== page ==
October 2 1917, Helsinki–Finland had been pushing for drastically increased autonomy from Russia since the revolution in February, and in July had unilaterally declared it. Kerensky, under pressure from the Kadets to not make concessions to Russia’s ethnic minorities, refused to accept this, using the pretense that any settlement with Finland would require a new Russian constitution. Kerensky dissolved the Finnish parliament in late July, calling for new elections to be held in a few months.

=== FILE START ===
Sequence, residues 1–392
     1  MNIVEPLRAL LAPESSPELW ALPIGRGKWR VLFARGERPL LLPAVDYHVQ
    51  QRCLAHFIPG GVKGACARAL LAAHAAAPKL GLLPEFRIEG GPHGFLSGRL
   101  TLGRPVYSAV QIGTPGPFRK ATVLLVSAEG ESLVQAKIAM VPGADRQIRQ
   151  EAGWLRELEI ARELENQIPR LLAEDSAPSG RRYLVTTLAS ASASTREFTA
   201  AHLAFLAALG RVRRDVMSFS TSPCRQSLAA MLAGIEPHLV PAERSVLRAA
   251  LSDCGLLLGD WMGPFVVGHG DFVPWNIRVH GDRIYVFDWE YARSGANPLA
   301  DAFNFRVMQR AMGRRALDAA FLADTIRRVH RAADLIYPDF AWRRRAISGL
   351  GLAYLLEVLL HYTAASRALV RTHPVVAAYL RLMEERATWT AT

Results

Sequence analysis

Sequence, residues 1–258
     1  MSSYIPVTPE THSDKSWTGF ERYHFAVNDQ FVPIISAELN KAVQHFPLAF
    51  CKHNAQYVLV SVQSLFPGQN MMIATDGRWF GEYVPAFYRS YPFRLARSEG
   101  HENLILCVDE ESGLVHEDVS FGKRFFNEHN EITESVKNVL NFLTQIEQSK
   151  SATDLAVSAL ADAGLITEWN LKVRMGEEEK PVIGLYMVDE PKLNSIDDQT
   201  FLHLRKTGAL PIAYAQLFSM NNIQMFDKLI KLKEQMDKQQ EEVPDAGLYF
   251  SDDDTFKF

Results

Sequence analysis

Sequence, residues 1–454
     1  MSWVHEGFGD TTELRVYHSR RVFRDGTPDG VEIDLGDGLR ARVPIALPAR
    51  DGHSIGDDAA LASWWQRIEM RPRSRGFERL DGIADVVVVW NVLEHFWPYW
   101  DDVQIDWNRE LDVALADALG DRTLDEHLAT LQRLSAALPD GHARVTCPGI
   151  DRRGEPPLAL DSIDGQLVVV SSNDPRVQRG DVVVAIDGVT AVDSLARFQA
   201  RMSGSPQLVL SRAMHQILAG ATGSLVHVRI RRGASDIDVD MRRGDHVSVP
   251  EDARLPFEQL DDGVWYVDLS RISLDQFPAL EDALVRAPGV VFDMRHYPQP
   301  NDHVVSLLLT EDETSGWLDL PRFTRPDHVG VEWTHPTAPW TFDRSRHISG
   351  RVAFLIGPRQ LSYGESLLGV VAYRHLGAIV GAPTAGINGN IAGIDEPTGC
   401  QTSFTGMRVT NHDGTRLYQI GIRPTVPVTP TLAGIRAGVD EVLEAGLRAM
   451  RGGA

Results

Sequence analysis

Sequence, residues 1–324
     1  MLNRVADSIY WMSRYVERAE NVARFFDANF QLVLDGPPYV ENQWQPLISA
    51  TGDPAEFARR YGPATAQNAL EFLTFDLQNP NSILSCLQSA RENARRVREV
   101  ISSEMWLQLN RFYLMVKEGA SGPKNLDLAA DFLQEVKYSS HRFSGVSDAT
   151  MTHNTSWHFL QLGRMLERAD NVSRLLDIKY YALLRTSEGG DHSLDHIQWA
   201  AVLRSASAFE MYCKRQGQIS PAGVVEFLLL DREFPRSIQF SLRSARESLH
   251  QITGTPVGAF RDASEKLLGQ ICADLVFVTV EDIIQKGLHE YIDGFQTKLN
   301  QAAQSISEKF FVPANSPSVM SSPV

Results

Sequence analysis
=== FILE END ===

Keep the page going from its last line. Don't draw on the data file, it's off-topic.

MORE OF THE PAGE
The two-day Finnish election concluded on October 2, and the results were known within a few days. The Socialists lost their overall majority in the parliament, and a coalition of non-Socialist parties formed a government. These parties were no less committed to Finnish autonomy, however, and planned to reaffirm it when the parliament reconvened in November. The Socialists were profoundly disappointed in their electoral setback, and many began to more seriously consider achieving their aims through revolutionary means. They may have had some encouragement in this from Lenin, who was still in exile in Finland.
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